While R. Neal is pointing to a report attacking social work in universities by the right-wing National Association of Scholars as both alarming and hypocritical, I would like to suggest that this is simply the opening salvo by the neo-cons to move their minions to elect a candidate of their own liking to the White House in 2008.
The right-wing always needs to find demons in the academic community to match the ones it says are prancing around society at large in order to maintain control of government. It is part of their fear-agenda to create unease among the voters about what is going on in colleges and universities. So, the NAS is doing what groups like it always does in the run-up to elections.
Their Board of Advisers is organizationally incestuous, relying almost exclusively on the neo-con American Enterprise Institute (which brought you the occupation of Iraq and which might bring you soon the occupation of Iran). All of the politically correct names are there: Kristol, Himmelfarb, Sommers, etc. This time they target social workers. Next election it will be some other academicians.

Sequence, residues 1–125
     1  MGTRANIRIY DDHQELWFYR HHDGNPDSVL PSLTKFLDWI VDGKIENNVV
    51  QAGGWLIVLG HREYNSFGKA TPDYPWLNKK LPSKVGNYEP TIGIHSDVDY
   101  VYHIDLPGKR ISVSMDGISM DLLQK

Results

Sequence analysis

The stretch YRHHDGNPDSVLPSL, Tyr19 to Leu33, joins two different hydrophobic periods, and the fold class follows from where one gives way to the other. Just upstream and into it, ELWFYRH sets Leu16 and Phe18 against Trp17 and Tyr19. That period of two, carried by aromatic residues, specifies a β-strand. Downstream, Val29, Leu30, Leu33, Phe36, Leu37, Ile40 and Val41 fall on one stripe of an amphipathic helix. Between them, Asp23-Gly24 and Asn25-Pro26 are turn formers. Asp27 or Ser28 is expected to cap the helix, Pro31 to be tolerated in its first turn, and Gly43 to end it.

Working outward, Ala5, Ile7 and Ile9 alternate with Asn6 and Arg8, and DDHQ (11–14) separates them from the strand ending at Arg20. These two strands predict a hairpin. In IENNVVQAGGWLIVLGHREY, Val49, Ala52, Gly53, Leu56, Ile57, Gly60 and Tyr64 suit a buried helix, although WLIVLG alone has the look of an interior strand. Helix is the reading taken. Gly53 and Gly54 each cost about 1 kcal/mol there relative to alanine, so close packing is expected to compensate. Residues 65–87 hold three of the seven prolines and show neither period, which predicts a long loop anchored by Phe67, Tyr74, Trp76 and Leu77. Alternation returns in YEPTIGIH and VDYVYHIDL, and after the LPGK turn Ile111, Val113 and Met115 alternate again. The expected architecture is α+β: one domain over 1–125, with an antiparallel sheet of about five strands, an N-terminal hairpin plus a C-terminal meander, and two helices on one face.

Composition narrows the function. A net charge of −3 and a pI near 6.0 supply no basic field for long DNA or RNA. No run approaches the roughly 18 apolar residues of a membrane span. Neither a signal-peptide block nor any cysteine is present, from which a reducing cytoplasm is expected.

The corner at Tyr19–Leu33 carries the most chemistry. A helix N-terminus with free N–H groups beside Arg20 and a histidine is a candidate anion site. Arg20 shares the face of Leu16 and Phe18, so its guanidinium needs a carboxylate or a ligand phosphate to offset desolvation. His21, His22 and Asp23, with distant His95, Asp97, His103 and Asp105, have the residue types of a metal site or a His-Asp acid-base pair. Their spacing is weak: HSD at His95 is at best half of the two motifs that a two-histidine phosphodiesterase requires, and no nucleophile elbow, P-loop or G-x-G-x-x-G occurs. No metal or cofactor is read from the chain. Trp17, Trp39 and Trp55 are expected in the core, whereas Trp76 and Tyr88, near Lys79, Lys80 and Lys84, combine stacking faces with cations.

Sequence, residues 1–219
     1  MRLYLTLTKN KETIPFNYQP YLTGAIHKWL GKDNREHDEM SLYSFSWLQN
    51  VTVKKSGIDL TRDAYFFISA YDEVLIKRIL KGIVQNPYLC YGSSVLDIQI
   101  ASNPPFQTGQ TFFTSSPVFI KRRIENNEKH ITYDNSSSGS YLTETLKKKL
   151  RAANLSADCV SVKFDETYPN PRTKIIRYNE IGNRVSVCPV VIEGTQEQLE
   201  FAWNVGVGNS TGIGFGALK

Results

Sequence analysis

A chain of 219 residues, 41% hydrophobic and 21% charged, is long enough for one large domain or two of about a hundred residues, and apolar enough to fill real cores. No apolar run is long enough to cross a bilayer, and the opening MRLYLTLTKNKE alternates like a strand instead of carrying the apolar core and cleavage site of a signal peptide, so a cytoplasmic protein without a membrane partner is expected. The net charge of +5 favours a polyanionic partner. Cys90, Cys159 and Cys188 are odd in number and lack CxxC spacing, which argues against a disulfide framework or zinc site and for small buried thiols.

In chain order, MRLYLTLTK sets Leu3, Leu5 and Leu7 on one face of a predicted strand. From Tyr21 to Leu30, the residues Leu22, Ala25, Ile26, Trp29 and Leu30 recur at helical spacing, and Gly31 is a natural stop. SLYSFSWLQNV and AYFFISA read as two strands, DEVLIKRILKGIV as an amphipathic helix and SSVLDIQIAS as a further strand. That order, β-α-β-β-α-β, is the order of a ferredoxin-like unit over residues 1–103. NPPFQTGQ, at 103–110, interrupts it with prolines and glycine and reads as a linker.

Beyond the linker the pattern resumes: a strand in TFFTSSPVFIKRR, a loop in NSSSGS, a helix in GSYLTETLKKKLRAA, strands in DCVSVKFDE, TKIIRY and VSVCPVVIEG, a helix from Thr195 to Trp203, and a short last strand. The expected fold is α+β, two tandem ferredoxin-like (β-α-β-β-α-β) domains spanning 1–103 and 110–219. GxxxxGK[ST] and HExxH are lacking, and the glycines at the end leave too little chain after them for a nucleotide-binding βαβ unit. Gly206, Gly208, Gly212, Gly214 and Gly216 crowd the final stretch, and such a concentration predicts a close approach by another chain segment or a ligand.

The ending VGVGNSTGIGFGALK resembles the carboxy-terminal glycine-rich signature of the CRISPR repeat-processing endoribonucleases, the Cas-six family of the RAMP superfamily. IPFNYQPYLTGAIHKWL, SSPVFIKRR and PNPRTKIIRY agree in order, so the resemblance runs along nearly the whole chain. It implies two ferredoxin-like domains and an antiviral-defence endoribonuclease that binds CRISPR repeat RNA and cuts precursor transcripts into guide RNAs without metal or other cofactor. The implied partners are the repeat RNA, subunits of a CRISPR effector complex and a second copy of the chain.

Social work is larger than what NAS makes of it. It is checkered with diverse ideological persuasions and inner tensions, as Robert Fisher points out, between social welfare, service delivery, and questioning the structural causes that necessitate welfare and service delivery. The scholars of the right-wing would be more comfortable with social workers limiting themselves to welfare and not questioning (how "rational" is that?), but this skirmish has nothing to do with what the scholars might actually want. It has to do with electing a President and a Congress and solidifying the Supreme Court's hard right trajectory.
Free-thought opponent David Horowitz's recent campaign on university campuses failed miserably, so the NAS is merely stepping into the breach in order to demonize a discipline and mobilize its troops.